Sunday 23 July 2017

Ed Sheeran wins our hearts again, as he gives inspiring speech about 'weird' childhood and overcoming his stutter

Ed Sheeran with the Songwriter of the Year Award at the 60th annual Ivor Novello Awards, at Grosvenor House in London
Ed Sheeran with the Songwriter of the Year Award at the 60th annual Ivor Novello Awards, at Grosvenor House in London
Freya Drohan

Freya Drohan

He is widely considered one of the most successful contemporary artists of his era, but it took a large triumph over adversity for Ed Sheeran to end up where he is now.

The British singer has previously spoken about his ""uncool" childhood.

Ed Sheeran arrives at the Billboard Music Awards at the MGM Grand Garden Arena on Sunday, May 17, 2015, in Las Vegas. (Photo by Eric Jamison/Invision/AP)
Ed Sheeran arrives at the Billboard Music Awards at the MGM Grand Garden Arena on Sunday, May 17, 2015, in Las Vegas. (Photo by Eric Jamison/Invision/AP)

"I wasn't exactly normal and I've come out of it on top. My view on it is God looked down one day and was like 'f***ing hell, you need some help mate, here's a guitar,'" he once told Q Magazine.

And this week, the hitmaker was honoured by the American Institute for Stuttering for overcoming his speech impediment.

Ed Sheeran is the first British artist to have reached two billion streams on Spotify
Ed Sheeran is the first British artist to have reached two billion streams on Spotify

"I was a very, very weird child. I had a port-wine stain birthmark on my face that I got lasered off when I was very young," he told the audience during his speech.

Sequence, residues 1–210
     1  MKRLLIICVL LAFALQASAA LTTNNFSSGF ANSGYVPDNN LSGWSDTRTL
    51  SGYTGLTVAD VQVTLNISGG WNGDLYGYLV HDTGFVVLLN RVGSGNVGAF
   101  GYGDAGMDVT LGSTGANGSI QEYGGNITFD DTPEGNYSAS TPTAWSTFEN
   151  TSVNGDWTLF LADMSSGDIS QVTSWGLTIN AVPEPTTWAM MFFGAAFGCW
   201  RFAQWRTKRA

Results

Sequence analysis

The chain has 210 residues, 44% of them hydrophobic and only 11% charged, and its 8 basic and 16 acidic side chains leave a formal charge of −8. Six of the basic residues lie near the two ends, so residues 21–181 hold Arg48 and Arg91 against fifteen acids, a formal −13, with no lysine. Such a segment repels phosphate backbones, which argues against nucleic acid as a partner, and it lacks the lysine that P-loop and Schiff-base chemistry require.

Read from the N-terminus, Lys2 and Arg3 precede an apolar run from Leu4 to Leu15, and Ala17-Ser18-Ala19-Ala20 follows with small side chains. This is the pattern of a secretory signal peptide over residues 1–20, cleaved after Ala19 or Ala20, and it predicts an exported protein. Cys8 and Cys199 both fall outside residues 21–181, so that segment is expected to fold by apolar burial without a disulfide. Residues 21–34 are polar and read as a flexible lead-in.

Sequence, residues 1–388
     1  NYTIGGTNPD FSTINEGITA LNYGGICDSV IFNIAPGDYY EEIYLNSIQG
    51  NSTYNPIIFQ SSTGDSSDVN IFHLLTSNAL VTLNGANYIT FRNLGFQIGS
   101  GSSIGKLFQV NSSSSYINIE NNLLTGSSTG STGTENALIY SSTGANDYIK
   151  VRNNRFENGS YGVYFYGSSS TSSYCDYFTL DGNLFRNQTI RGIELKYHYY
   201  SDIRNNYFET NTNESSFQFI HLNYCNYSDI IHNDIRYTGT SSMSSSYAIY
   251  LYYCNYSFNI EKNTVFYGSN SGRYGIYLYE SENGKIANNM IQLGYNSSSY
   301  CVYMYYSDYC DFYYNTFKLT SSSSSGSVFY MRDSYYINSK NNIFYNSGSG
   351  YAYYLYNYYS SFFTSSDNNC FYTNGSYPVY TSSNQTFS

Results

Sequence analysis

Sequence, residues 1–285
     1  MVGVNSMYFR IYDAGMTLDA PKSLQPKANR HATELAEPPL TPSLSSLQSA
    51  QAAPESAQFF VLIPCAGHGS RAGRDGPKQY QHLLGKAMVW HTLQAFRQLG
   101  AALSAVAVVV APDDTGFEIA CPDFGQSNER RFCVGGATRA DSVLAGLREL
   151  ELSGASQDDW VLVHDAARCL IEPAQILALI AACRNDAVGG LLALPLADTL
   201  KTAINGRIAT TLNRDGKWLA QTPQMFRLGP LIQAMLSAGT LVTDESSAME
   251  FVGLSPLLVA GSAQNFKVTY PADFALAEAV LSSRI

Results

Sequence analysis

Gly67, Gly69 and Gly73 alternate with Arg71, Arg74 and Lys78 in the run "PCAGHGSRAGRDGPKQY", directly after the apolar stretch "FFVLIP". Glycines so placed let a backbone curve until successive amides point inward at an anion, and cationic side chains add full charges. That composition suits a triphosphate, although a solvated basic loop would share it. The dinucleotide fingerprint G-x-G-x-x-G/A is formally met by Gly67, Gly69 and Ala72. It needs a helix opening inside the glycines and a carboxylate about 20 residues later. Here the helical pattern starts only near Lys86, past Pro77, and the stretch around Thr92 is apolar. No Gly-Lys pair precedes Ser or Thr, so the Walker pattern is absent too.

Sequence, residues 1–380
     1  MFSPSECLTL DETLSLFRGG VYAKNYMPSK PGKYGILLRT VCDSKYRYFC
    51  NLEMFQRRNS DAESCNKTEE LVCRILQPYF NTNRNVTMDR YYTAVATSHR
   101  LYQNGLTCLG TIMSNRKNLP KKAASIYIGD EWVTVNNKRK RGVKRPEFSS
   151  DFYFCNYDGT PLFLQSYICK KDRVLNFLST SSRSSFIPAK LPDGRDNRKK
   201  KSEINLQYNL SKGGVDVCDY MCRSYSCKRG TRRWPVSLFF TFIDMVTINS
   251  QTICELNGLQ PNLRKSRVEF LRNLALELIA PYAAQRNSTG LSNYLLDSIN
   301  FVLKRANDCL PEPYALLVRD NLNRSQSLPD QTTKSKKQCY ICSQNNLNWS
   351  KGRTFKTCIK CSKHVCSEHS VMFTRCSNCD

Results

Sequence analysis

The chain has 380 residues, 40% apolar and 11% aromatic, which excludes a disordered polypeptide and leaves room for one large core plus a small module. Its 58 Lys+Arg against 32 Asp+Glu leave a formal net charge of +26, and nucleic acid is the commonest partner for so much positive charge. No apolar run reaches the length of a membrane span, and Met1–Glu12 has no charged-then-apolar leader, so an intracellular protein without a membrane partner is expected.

"One day, they forgot to put the anesthetic on, and ever since then, I had a stutter. I also had very big, blue NHS glasses — NHS is the National Health Service, one day I hope you’ll have the same! And I lacked an eardrum on one side of my ear, so stuttering was actually the least of my problems."

However, Sheeran (24) discovered an innate talent for music, which would ultimately propel him to international stardom.

"My Uncle Jim told my dad that Eminem was the next Bob Dylan — it’s pretty similar, it’s all just storytelling — so my dad bought me The Marshall Mathers LP when I was nine years old, not knowing what was on it. I learned every word of it, back to front, by the time I was 10. He raps very fast and melodically and percussively, and it helped me get rid of the stutter."

The award winning star also told those in attendance, and his legions of fans worldwide, to embrace the things that make them different.

"I wanted to not necessarily shed light on stuttering or make it a thing, but stress to kids in general to just be yourself, because there’s no one in the world that can be a better you than you.

Ed Sheeran and Kermit the frog
Ed Sheeran and Kermit the frog

If you try to be the cool kid in class, you’ll end up very boring and doing plumbing for someone who apparently wasn’t that cool. Be yourself. Embrace your quirks. Being weird is a wonderful thing.… I have a f-ing football team now, that’s pretty cool!"

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